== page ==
I am restoring a 65 SS and it has a non-tilt column that is shot. I purchased a rebuilt 65 tilt steering column and I just don't see how the OEM wheel is going to fit correctly and function. The diameter of the wheel does not match and it won't go completely on the splined shaft with the plastic signal cam on it. My question is, does the same OEM wheel fit both application's and can someone point to a diagram for the turn signal components and steering wheel assembly? Any help will be greatly appreciated.
Pictures to help. This is the rebuilt OEM tilt column I bought. I did some research and found a different turn signal cancelling cam for tilt than non-tilt, but that won't take care of the diameter difference between the wheel and collar.
Thanks, jayoldschool! I think I can mount it with the u-clamp but won't have the proper cosmetic covers I don't think the non-tilt original covers will work. They do slide under the tilt collar but I don't think they will match for location with the dash.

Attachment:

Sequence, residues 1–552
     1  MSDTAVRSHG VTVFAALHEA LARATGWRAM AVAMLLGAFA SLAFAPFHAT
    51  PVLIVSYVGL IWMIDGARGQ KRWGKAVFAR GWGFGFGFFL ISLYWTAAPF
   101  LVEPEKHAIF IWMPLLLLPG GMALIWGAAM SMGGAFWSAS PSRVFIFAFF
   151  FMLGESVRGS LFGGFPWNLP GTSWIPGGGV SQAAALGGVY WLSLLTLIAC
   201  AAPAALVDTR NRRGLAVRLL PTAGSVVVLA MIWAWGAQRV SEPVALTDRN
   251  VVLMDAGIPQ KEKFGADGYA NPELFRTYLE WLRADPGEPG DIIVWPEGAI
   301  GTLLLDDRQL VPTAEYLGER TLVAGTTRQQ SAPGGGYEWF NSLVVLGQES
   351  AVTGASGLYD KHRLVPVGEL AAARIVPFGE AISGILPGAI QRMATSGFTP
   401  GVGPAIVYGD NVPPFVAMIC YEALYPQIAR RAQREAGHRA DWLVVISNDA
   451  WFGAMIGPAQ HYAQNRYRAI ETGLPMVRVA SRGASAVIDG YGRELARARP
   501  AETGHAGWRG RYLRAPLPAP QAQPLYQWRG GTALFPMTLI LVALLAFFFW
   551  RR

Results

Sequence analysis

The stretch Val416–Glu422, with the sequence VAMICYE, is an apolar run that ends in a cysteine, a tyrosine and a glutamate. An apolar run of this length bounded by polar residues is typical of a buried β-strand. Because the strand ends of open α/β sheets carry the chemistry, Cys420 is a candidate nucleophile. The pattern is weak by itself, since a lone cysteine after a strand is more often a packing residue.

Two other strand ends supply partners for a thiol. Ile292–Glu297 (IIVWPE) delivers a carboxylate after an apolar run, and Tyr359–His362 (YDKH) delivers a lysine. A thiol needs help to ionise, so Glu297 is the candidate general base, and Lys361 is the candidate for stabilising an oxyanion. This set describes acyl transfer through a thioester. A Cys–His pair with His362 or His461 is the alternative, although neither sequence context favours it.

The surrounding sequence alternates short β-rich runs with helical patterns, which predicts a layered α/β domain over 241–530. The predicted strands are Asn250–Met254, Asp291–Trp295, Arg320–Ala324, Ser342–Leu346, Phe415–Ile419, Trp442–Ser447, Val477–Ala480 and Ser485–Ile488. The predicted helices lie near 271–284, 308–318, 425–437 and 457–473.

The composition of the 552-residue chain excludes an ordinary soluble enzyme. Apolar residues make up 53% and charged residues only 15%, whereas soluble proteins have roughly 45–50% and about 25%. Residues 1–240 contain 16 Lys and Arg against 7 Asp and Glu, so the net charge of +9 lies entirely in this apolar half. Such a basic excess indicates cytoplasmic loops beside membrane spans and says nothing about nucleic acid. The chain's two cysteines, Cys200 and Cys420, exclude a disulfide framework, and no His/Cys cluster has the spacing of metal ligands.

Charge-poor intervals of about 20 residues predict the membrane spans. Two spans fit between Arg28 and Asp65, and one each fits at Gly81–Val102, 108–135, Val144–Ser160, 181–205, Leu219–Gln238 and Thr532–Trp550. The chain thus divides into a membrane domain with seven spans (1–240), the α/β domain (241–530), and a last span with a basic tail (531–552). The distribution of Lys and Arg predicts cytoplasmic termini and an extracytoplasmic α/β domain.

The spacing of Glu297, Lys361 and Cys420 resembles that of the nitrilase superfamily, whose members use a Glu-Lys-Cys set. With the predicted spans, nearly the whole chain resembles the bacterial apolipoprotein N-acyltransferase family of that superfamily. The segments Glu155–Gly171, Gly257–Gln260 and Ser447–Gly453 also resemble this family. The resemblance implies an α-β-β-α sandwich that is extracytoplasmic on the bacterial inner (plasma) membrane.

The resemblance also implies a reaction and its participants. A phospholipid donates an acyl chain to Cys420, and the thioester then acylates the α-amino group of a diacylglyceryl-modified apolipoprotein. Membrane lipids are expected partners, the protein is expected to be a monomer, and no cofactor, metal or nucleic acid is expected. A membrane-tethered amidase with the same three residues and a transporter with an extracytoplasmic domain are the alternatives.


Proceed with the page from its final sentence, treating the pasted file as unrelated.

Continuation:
I hope it all works out. My original non-tilt was shot, probably rebuildable but shot. I found a company in Athens, TX called Gary's Classics that had an original 65 tilt column on the shelf and they rebuilt it for me....just takes money....man those are expensive. I wanted an original so I could use the OEM steering wheel and not be cramped for room. Ididit told me their tilt column would put the OEM wheel 3-4" closer to me and I can't deal with that....got too much table muscle I will keep you posted as I progress. I am rebuilding the front end putting tubular A arms and power disc brakes on her now.
I haven't tried it but I hear you can cut non tilt collars down to work on tilt columns. Anyone tried that? I have a column but no collars.
I believe they did that on the Hurst/Olds homage car that MuscleCar (now called Detroit muscle) on PowerBlockTV aired a year or so ago. You should be able to go to their web site and view the old show based upon the description. They installed a used tilt over a Ididit column and showed how to totally rebuild it with all new parts.